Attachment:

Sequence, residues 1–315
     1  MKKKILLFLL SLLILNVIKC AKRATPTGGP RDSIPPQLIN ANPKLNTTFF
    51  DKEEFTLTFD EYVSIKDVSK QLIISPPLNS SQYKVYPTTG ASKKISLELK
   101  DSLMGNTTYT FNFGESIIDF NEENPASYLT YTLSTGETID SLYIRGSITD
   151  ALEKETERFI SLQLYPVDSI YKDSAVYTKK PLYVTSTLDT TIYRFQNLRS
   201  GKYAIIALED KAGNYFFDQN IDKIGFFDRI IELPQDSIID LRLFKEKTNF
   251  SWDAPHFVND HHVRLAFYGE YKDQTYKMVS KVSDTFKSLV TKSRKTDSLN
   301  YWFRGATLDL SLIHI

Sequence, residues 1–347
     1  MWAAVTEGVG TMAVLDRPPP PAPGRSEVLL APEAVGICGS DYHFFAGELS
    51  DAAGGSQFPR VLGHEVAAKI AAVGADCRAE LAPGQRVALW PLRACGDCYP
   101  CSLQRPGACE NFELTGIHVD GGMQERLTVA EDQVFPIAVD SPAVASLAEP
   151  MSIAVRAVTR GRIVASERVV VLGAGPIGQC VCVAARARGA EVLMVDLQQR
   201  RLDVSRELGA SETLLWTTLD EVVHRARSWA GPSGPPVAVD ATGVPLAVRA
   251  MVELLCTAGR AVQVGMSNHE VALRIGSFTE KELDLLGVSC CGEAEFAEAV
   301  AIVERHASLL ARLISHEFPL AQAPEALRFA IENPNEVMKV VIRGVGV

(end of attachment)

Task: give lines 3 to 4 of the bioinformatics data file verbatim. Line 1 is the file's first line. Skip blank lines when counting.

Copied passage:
    51  DKEEFTLTFD EYVSIKDVSK QLIISPPLNS SQYKVYPTTG ASKKISLELK
   101  DSLMGNTTYT FNFGESIIDF NEENPASYLT YTLSTGETID SLYIRGSITD